Letter: ISO’s Campaign for Nader
5 May 2001
To the Editor:
In introducing James P. Cannon’s remarks on Henry Wallace’s 1948 Progressive Party presidential campaign (1917 No. 23), you quite accurately state: “Wallace’s campaign posed many of the same political issues for leftists as Ralph Nader’s recent presidential bid.” The arguments used by the ISO [International Socialist Organization] and other supposedly Marxist groups to justify voting for an openly capitalist third-party candidate echo those used a half century earlier by the Stalinists. I know, because in 1948, as a member of the Communist Party in California, I spent about 18 hours a day campaigning for Wallace’s slate in the run-up to the election.
The CP’s support to Wallace represented an apparent “left” turn from the previous election  when they simply voted for FDR [Franklin Delano Roosevelt] and the Democrats. In fact, it was a continuation of the policy of choosing among capitalist “lesser evils.” The CP’s overt support to the Democrats dated from the abandonment of the sectarian “Third Period” policy during FDR’s first term. Leading party cadres from that period told me that during the 1930s, three members of the Communist Party were elected to the California state legislature as Democrats. It was not public knowledge, although widely suspected.
The Stalinists in those days were far more sophisticated than the “Trotskyists” who are tailing the Greens today. Even at the height of the popular front, the CP maintained a pretense of political class independence, and ran its own candidate, Earl Browder, for president. The ISO’s attempt to act as the best builders of Nader and the Greens is only a cruder version of the same “tactic.”
In his autobiography, Steve Nelson, the CP cadre who had been political commissar of the Abraham Lincoln Brigade in Spain, explained how nominal independence was combined with actual subordination to the Democrats:
“The fact that the Party [CP] continued to run its own candidates during the early New Deal may give the wrong impression of our attitude toward the Democratic Party. We supported pro-New Deal candidates and ran our own people largely for propaganda purposes….
“Earl Browder’s campaign that same year  demonstrates how we ran our own candidates but still supported the New Deal. His motto and the whole tone of his campaign was ‘Defeat Landon [the Republican] at All Costs.’ In this way he sought to give critical support to FDR. We wanted to work with the liberal wing of the Democratic Party and to achieve a certain amount of legitimacy as a party of the Left. We held a rally for Browder in the Wilkes-Barre [Pennsylvania] armory, which held over three thousand people, and the place was jammed. Many in the audience were rank and file Democrats. We didn’t get their votes on election day, but that’s not what counted to us. They were coming to recognize us as friends.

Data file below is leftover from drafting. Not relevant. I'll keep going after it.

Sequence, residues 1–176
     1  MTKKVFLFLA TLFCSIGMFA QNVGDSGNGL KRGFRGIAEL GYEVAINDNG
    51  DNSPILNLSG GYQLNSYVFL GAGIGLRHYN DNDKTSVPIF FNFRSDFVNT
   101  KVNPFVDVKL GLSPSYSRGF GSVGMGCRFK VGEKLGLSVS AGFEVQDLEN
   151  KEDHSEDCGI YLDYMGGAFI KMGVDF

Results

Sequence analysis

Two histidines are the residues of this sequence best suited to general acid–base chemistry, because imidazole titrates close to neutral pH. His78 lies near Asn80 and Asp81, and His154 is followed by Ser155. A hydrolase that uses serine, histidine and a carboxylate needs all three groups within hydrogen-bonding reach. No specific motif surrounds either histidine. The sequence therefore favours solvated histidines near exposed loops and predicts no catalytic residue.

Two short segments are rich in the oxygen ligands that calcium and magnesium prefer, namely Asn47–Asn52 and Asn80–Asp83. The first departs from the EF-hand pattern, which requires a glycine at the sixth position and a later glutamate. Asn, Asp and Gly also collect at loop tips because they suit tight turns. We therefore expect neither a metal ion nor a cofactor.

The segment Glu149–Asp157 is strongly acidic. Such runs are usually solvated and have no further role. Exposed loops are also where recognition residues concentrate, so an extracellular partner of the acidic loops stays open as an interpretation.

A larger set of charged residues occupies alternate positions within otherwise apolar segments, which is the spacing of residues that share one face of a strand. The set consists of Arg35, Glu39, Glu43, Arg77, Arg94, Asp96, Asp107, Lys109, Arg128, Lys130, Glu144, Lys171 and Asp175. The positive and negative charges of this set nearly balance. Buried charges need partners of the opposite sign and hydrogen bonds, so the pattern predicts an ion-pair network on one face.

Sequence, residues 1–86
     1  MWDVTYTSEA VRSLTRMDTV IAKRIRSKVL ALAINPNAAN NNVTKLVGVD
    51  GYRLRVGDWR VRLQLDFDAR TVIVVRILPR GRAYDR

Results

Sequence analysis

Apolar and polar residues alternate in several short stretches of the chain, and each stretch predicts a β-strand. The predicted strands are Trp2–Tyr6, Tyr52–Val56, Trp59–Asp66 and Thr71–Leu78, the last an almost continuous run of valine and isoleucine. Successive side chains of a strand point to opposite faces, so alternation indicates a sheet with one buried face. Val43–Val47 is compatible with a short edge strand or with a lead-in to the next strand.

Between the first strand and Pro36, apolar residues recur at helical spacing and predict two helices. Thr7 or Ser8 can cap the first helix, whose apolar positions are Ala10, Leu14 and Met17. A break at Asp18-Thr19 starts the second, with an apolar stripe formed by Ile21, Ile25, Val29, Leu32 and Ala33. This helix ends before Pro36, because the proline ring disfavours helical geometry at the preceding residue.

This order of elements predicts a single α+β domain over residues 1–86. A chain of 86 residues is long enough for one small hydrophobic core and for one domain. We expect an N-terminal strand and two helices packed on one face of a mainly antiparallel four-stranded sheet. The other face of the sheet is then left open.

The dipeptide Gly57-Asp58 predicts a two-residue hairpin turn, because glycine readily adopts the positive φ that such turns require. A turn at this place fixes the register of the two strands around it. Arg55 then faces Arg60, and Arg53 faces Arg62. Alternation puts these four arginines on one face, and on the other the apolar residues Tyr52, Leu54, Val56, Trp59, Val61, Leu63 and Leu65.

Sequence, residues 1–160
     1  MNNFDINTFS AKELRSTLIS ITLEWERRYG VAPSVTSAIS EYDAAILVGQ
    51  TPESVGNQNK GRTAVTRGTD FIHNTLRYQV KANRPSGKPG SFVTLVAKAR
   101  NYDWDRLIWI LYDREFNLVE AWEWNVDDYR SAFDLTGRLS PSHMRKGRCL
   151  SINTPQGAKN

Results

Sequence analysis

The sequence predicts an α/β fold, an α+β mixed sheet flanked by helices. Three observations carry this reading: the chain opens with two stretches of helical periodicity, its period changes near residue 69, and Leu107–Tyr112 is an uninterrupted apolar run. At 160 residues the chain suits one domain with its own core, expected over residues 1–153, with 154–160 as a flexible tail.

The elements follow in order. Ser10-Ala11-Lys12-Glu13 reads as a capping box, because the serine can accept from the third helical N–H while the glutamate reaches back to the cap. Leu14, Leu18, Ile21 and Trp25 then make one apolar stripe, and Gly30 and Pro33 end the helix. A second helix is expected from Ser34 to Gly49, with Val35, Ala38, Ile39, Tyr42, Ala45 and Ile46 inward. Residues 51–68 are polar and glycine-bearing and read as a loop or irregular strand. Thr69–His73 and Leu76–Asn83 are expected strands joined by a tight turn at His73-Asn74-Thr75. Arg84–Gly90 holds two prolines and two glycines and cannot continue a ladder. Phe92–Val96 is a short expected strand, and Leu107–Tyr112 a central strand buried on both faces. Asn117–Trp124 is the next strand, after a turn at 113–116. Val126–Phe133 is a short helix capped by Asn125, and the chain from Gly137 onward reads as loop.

“For years there had been essentially no difference between Democrats and Republicans: both had represented the interests of the coal companies. Now there was a feeling that Roosevelt was doing something to relieve the problem of unemployment, and that signified a real change. People identified with the government as basically pro-labor. We had no illusions. The Democrats were still a capitalist party, but they were an alternative to the Republicans and were delivering the Wagner Act, Social Security, unemployment insurance, public works, and other badly needed reforms.”
—Steve Nelson: American Radical
I bought this line fifty-odd years ago. But James P. Cannon and the Trotskyists knew better. Probably the greatest crime of American Stalinism was undermining what had previously been a bedrock principle of the radical workers’ movement that, in the words of the 1905 preamble to the constitution of the Wobblies [Industrial Workers of the World]: “The working class and the employing class have nothing in common.” The ISO and all the others who claim to stand in the Trotskyist tradition, while advocating votes to capitalist candidates at election time, are, in reality, standing in the class-collaborationist tradition of Browder’s Communist Party.